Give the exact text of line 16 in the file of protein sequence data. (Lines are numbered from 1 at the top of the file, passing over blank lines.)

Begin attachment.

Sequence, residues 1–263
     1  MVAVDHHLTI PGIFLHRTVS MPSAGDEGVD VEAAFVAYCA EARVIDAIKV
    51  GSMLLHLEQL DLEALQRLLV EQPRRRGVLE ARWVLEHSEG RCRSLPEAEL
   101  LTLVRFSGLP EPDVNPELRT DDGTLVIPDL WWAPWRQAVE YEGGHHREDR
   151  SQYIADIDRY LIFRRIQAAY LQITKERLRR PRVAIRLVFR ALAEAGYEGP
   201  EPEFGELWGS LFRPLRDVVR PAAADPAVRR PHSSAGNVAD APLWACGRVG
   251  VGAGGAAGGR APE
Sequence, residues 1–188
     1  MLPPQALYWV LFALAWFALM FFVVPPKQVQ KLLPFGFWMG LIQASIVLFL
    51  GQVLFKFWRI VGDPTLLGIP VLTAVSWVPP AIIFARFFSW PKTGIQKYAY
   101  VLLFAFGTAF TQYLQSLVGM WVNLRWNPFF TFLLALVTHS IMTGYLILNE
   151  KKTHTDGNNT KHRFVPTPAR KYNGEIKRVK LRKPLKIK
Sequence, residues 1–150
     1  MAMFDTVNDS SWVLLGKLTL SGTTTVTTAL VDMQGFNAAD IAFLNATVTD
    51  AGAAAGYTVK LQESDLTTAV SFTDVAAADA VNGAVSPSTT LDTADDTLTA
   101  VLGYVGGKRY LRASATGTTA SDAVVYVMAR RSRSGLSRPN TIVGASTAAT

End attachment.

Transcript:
   101  VLGYVGGKRY LRASATGTTA SDAVVYVMAR RSRSGLSRPN TIVGASTAAT